Differential expression analysis was performed using edgeR. We considered in the model the histology, the pathologic stage, and the TNM:N as confounding factors of the generalized linear model. A gene was considered as differentially expressed (DEG) between high and low TRPV2 samples if corrected (FDR) p value <0.05 and expression change was >1.5-fold (log2FC >0.58). Using the clusterProfiler package on these DEGs (Yu et al., 2012), we analyzed the functional profile of TRPV2 high samples to get the significantly enriched Ontology and Canonical Pathways gene sets (FDR adjusted p value <0.05).
AGS (RRID:CVCL_0139), KATO-III (RRID:CVCL_0371), and SNU-1 (RRID:CVCL_0099) GC cell lines were purchased from ATCC (Manassas, VA, United States) and were cultured in their specific complete medium according to manufacturer instructions. GC cells were incubated at 37°C in 5% CO2; medium was changed daily, and cells were split every 2-3 days routinely.
Apoptosis Assay for the Evaluation of Cisplatin-Induced Apoptosis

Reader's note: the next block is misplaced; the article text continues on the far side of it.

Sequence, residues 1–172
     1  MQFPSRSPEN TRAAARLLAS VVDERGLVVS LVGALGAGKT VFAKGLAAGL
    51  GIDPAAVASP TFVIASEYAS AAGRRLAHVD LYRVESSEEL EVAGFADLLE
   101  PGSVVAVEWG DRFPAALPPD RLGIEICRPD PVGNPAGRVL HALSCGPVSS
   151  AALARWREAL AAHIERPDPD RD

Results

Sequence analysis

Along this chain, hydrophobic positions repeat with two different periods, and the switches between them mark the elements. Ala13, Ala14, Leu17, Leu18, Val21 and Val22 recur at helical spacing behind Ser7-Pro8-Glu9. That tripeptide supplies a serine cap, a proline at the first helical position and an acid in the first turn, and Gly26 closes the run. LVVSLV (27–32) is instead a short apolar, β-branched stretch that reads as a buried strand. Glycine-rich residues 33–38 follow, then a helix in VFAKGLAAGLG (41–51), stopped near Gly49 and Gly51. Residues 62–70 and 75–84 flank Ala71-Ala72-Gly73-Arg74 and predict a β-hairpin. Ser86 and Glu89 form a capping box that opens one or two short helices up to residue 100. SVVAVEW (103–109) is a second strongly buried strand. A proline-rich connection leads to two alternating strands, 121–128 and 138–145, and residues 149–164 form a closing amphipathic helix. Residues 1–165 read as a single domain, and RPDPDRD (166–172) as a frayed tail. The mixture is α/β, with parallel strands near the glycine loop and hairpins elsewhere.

GC cell lines were exposed to different concentrations of cisplatin (0–40 µM) (Accord Healthcare Limited, Harrow, United Kingdom) for 48 h to assess their sensitivity. Similarly, to evaluate the effect of TRPV2 blockade by tranilast (Tocris Bioscience, Bristol, United Kingdom) on cisplatin resistance of KATO-III cells, cisplatin (10 µM) was added to cell culture after 10 min since the addition of TRPV2 inhibitor (250 µM). After 48 h of culture, KATO-III cells were recovered by trypsinization and subjected to flow cytometry. In brief, cells were washed twice with cold PBS and then, after centrifugation, resuspended in 100 µL of 1x binding buffer at a concentration of 1 × 106 cells/ml. Subsequently, 5 µL of FITC Annexin V and 5 µL propidium iodide (PI) (BD Biosciences, San Jose, CA, United States) were added, and cells were incubated for 15 min at room temperature (RT) in the dark. For each tube, an adequate volume of 1x binding buffer was added. All samples were acquired, within 1 h, by using a NAVIOS flow cytometer and analyzed by Kaluza software (Beckman Coulter Diagnostics, Brea, CA, United States). A total of 104 events were acquired for each sample. Data from treated samples were normalized as fold change of their untreated controls and were reported as mean ± SE of at least three independent experiments.